-lintel 26 of the door frame 24 also has an abutment portion 36 forming a door stop with a surface 38 engaged by the door 22. Secured to and extending downwardly from the lintel 26 of the door frame 24 is a strikejplate 4i) having a strike surface 42 for actuating the releaseY v,I nechanism of the upper bolt unit 20.

The door 22 :and its frame 24 are conventional and their details are beyond the scope of the present invention. Although a hollow metal door has been shown for purposes of illustration, it will be understood that doors of other materials, such as wood, are also contemplated as adapted to the installation of the present invention, The door 22 has been 'shown las having a chamber 44 extending from top to bottom thereof and apertures 46 and 48 at the top and bottom thereof, the chamber 44 housing the major portion of the mechanism of a panic exit device, generally designated 50, of which the upper latch unit 2@ forms a part. The door 22 has front and rearAw-alls 51 and 52, the rear wall or inside wall 52 being provided with an aperture 54 near the top through which the release mechanism of the upper latch unit 20 engages the strike plate 40.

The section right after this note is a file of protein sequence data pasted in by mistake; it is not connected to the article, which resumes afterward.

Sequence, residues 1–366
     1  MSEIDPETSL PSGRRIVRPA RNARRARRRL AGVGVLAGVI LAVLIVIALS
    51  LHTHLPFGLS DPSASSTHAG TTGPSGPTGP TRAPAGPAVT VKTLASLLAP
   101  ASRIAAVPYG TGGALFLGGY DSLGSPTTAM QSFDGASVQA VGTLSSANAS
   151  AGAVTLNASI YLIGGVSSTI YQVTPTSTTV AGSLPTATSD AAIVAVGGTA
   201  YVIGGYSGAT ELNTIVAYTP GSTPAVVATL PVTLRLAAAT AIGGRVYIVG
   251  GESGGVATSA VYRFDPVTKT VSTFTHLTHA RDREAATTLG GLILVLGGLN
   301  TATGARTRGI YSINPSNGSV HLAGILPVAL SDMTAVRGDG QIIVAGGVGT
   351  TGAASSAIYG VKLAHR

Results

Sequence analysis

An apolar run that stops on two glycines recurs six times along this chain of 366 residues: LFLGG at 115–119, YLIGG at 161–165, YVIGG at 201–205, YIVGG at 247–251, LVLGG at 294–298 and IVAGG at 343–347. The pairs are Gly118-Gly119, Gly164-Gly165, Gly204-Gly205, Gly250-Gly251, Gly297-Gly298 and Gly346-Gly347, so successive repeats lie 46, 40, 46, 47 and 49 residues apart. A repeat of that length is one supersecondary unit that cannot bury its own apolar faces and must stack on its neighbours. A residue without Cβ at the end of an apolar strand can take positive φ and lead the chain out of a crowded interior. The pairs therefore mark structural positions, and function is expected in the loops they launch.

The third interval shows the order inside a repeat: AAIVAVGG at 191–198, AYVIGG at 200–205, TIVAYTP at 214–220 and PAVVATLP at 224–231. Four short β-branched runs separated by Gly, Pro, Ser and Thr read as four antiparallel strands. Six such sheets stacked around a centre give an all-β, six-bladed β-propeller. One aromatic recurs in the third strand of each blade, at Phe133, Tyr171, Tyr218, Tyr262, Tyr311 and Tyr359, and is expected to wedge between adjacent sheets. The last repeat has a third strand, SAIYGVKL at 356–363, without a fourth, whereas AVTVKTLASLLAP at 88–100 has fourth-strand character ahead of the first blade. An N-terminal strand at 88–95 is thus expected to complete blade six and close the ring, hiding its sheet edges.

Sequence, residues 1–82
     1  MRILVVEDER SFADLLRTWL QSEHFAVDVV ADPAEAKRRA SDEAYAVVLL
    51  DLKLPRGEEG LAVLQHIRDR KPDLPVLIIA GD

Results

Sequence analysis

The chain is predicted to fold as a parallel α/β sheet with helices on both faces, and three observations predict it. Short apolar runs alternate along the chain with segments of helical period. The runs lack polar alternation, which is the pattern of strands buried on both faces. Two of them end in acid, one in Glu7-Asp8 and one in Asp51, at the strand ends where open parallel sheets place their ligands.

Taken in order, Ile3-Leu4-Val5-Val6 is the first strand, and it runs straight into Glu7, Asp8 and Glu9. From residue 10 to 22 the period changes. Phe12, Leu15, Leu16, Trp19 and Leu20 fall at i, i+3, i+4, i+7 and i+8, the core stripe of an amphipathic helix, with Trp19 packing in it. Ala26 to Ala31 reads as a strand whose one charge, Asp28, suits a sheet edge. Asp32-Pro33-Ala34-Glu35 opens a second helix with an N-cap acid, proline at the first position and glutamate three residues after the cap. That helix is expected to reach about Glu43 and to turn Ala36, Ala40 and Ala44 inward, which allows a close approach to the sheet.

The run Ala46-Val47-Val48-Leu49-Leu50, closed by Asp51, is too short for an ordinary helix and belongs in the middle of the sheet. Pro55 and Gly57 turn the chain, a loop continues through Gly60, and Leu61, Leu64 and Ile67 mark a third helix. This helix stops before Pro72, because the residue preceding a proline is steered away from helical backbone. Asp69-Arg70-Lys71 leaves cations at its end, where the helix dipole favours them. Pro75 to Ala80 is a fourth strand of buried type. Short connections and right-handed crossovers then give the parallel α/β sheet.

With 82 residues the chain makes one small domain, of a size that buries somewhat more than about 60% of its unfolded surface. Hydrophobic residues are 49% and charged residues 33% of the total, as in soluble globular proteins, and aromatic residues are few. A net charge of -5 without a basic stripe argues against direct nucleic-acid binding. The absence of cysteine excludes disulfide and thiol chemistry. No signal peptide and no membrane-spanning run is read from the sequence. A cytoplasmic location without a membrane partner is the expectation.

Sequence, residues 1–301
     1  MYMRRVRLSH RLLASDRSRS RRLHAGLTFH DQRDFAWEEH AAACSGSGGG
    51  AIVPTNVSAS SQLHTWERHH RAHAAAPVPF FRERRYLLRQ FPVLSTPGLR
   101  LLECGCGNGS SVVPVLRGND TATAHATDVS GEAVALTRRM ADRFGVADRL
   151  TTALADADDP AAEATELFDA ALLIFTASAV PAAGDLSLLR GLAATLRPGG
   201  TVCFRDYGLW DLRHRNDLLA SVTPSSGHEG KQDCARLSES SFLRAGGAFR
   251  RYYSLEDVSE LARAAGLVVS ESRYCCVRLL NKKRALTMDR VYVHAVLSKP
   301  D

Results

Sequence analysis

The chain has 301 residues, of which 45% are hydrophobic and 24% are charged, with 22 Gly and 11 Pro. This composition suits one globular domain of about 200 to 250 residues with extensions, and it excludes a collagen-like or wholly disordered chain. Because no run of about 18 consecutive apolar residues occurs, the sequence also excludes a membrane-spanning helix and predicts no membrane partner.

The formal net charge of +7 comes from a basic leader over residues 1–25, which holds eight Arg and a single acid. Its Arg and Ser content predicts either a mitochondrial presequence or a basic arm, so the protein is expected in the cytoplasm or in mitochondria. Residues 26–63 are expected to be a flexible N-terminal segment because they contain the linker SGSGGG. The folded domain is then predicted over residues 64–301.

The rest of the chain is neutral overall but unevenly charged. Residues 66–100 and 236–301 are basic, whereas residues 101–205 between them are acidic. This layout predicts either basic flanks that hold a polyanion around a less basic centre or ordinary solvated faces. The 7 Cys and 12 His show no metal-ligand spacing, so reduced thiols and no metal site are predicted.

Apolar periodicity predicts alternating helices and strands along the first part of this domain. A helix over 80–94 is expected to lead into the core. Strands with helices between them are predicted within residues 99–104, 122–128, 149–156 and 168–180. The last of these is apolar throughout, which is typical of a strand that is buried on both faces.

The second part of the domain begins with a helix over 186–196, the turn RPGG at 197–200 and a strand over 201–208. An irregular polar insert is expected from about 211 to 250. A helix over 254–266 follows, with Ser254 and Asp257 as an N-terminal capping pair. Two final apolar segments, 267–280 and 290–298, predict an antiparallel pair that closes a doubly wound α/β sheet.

Secured in any suitable way to the door 22 within the upper end of the chamber 44 is an upper case 56 of channel or U-shaped crossdsection (Figures 4 and 7) formed of sheet metal and having parallel opposite side walls 58 'and 66 interconnected by an end wall 62. The end wall 62 is provided with an aperture 64 aligned with the aperture 54 in the door 22 and for the same purpose. ri`he opposite side walls 53 and @il are drilled with aligned holes 66 and 68 respectively (Figure 5) for the reception of a pivot pin 70. Pivotally mounted on the pin 7 (l is a latch bolt 72 having a slot or groove 74 therein with transverse holes 76 and 78 opening into the slot for the reception of the pivot pin 70, which it loosely yand pivotally engages. Also mounted on the pivot pin 70 is a spacing washer 811 separating the latch bolt 72 from the upper end or hub of a latch holdback lever 82 which is also bored as at 84 to loosely and pivotally receive the pivot pin 70.